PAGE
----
I then mounted the shunt onto a block of mdf using the large wood screws (fender washers wouldn't fit...need to find smaller ones) and then used 5200 to mount that block to the wood in the battery locker, then connected everything up per instructions. The old house negative cable with new crimp to the one side of the shunt and the new fabricated cable from the shunt to the common negative. As it stands, the rj cable is still going across my sole...need a second pair of hands to help fish it through the cable chases, but I have my handy-dandy fish tape ready to go!

I then dry fit everything up, and it looks like I'm in business!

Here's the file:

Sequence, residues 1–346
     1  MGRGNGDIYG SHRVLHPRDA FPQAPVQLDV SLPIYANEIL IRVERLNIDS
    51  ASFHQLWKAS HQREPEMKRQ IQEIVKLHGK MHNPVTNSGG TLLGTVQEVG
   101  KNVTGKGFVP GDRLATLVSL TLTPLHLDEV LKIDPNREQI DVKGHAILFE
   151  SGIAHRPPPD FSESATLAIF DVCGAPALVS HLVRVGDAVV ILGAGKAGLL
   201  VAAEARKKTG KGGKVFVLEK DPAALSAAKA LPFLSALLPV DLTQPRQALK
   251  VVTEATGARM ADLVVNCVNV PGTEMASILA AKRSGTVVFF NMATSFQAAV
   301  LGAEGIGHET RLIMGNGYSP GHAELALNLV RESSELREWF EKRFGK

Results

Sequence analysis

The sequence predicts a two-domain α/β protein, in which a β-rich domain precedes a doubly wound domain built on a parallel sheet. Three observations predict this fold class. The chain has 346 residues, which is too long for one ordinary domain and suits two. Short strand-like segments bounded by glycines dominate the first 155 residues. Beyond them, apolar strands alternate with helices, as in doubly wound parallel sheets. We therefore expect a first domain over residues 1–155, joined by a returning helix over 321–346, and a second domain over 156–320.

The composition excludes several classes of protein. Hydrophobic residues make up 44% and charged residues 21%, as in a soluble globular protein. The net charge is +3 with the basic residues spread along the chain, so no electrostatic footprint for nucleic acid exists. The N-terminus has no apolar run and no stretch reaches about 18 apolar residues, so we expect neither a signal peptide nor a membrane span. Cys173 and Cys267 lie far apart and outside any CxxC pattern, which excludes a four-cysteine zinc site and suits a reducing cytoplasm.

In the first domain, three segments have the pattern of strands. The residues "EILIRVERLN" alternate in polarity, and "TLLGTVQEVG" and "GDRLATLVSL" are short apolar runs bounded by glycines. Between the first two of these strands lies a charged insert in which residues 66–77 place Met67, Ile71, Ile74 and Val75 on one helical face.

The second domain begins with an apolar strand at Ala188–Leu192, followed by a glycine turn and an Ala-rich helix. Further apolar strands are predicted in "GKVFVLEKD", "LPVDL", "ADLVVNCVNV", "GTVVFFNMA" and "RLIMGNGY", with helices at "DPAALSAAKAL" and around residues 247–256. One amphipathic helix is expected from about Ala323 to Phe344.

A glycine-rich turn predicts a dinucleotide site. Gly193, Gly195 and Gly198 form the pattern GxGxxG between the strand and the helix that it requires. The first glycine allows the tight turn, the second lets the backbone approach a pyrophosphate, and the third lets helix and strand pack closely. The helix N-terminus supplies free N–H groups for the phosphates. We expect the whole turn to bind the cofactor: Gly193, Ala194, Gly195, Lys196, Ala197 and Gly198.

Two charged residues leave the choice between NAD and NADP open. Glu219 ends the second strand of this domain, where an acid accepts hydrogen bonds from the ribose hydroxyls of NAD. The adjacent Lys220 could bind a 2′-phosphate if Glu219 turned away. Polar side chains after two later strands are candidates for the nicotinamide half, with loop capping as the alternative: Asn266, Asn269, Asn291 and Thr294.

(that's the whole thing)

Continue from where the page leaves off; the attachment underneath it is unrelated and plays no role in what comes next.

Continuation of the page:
Two more projects have come from this project. First, I need to install that negative bus bar and clean up all the cables that are on the shared common negative. What a mess. Beneteau has done a spectacular job with the wiring elsewhere, but this just is worthy of a beat down.

Second, I have a voltage leak somewhere (as I long suspected). With everything turned off, I still track -0.25 to -0.5 amps somewhere. That seems to be a lot of stray voltage...no?

Lessons learned...a 2 hour project will inevitable take 7. Also, make sure you have a vacuum handy when you use a hole saw to drill through the wood...I forgot to have something catch the savings/sawdust...what a mess Lastly...if you want to do something right, it takes tiiiiiime.

I wanted to install the bilge counter today too..but *sigh* I guess it will wait for another day.

S/V Jendai
Beneteau 343
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post #4 of 11 Old 01-08-2011